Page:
Sefmat v. Shrinkit, Inc.

97-1765 (U.S. Dist. Ct. D. N.J. 1997) (Unpublished)
  • Opinion Date: September 12, 1997

ARBITRATION—A party does not waive its objection to arbitration by participating in the arbitration. Even though the award is confirmed, the losing party’s deferred counterclaims can still be heard in a subsequent arbitration.

A distribution agreement between a manufacturer and a distributor provided for arbitration of certain disputes. A dispute arose and the manufacturer requested arbitration. The distributor commenced a lawsuit in which he set forth numerous counterclaims, which had not been asserted in the arbitration, and further asserted that the manufacturer’s claim was not within the scope of arbitrable claims. The manufacturer was awarded damages by the arbitrator and then filed a motion for confirmation of the award. The distributor counterclaimed that the issues in dispute were not arbitrable.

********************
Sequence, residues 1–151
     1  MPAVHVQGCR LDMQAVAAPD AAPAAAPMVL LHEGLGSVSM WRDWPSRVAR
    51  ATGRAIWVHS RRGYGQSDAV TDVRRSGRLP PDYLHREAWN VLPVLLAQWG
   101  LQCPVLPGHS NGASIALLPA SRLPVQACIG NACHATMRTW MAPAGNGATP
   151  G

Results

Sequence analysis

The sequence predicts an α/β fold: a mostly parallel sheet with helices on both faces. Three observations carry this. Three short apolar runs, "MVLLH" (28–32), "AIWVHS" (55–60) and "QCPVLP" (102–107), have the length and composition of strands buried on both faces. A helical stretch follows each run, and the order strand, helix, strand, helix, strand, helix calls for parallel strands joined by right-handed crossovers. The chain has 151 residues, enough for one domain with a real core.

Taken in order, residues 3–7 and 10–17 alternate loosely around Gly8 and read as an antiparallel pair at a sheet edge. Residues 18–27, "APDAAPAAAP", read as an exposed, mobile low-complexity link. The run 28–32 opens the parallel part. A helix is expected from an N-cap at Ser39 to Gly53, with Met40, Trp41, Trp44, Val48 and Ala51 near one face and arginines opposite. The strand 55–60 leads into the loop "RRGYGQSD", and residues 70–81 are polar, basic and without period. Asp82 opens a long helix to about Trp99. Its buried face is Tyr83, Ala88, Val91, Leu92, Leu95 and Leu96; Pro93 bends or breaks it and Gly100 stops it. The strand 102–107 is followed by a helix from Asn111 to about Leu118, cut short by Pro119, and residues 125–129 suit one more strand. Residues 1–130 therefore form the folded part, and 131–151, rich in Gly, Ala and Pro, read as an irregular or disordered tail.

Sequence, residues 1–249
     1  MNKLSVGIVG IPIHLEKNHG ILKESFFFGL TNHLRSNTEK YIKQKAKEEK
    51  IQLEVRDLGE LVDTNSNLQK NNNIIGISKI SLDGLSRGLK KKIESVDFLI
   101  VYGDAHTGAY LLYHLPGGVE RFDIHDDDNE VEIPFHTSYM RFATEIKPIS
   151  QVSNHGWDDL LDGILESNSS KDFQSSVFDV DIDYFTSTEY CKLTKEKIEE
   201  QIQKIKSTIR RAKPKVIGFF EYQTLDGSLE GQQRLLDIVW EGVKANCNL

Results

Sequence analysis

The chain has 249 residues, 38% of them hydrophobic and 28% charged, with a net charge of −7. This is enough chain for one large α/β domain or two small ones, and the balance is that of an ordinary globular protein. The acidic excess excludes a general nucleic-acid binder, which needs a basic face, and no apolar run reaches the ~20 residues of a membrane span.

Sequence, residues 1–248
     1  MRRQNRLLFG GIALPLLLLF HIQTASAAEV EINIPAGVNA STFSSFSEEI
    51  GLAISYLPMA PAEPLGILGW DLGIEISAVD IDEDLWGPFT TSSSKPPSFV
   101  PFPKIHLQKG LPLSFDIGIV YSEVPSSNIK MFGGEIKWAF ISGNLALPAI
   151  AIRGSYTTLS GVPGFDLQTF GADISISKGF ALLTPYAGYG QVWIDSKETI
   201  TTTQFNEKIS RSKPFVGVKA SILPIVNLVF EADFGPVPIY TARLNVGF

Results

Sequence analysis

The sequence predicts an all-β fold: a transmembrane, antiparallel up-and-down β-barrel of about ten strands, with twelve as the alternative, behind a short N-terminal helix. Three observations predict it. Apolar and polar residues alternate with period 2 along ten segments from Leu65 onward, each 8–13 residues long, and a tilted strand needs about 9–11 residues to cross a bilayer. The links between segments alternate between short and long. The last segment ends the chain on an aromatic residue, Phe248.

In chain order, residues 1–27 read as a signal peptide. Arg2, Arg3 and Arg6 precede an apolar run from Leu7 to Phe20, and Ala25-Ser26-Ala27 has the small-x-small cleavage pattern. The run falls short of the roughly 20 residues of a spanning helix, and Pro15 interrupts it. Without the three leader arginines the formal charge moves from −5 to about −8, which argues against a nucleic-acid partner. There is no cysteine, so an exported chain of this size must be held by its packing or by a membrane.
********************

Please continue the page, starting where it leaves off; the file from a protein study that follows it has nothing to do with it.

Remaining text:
The United States District Court first determined that the distributor did not waive its objection to arbitration by participating in the arbitration. The Court then determined whether the issues were arbitrable. The Court found that all the issues concerned either interpretation or application of the distribution agreement and were not only arbitrable by the terms of the agreement, but, pursuant to the agreement, the arbitration award was binding on both parties. The Court also stated a strong policy in favor of arbitration such that any uncertainty or doubt concerning arbitrability should be resolved in favor of arbitration. After finding the disputes arbitrable, the District Court sought to determine whether the arbitrator’s ruling should be confirmed. Under 9 U.S.C.A. Sections 201-208, the Convention on the Recognition and Enforcement of Arbitral Awards, arbitration awards are enforceable within three years after the award and are to be confirmed unless a court finds certain limited statutory grounds for refusal or deferral of confirmation. In this case, the District Court found no reason not to recognize and enforce the award as final and binding. As to the distributor’s counterclaims, the Court held that the distributor should not be able to hold up confirmation of the award on the basis of claims that could have been arbitrated during the initial arbitration. Although the Court refused to analyze the merits of the distributor’s counterclaims, it did state that these claims could still be brought in an arbitration setting, in accordance with the distribution agreement.